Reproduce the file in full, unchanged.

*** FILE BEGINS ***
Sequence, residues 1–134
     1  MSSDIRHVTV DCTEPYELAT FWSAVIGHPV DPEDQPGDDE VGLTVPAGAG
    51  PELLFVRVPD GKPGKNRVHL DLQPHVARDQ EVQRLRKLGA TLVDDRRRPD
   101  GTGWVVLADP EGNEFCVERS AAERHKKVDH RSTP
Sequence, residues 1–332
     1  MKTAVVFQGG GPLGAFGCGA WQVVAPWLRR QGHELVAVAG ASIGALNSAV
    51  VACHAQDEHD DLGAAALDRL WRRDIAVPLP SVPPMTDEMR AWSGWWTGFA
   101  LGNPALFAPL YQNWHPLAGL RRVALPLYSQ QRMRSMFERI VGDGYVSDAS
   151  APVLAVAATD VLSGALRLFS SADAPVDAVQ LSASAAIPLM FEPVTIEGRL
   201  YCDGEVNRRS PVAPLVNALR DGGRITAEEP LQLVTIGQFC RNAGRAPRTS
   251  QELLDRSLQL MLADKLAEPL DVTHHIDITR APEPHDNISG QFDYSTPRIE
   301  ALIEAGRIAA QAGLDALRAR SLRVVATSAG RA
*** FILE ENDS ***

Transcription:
Sequence, residues 1–134
     1  MSSDIRHVTV DCTEPYELAT FWSAVIGHPV DPEDQPGDDE VGLTVPAGAG
    51  PELLFVRVPD GKPGKNRVHL DLQPHVARDQ EVQRLRKLGA TLVDDRRRPD
   101  GTGWVVLADP EGNEFCVERS AAERHKKVDH RSTP
Sequence, residues 1–332
     1  MKTAVVFQGG GPLGAFGCGA WQVVAPWLRR QGHELVAVAG ASIGALNSAV
    51  VACHAQDEHD DLGAAALDRL WRRDIAVPLP SVPPMTDEMR AWSGWWTGFA
   101  LGNPALFAPL YQNWHPLAGL RRVALPLYSQ QRMRSMFERI VGDGYVSDAS
   151  APVLAVAATD VLSGALRLFS SADAPVDAVQ LSASAAIPLM FEPVTIEGRL
   201  YCDGEVNRRS PVAPLVNALR DGGRITAEEP LQLVTIGQFC RNAGRAPRTS
   251  QELLDRSLQL MLADKLAEPL DVTHHIDITR APEPHDNISG QFDYSTPRIE
   301  ALIEAGRIAA QAGLDALRAR SLRVVATSAG RA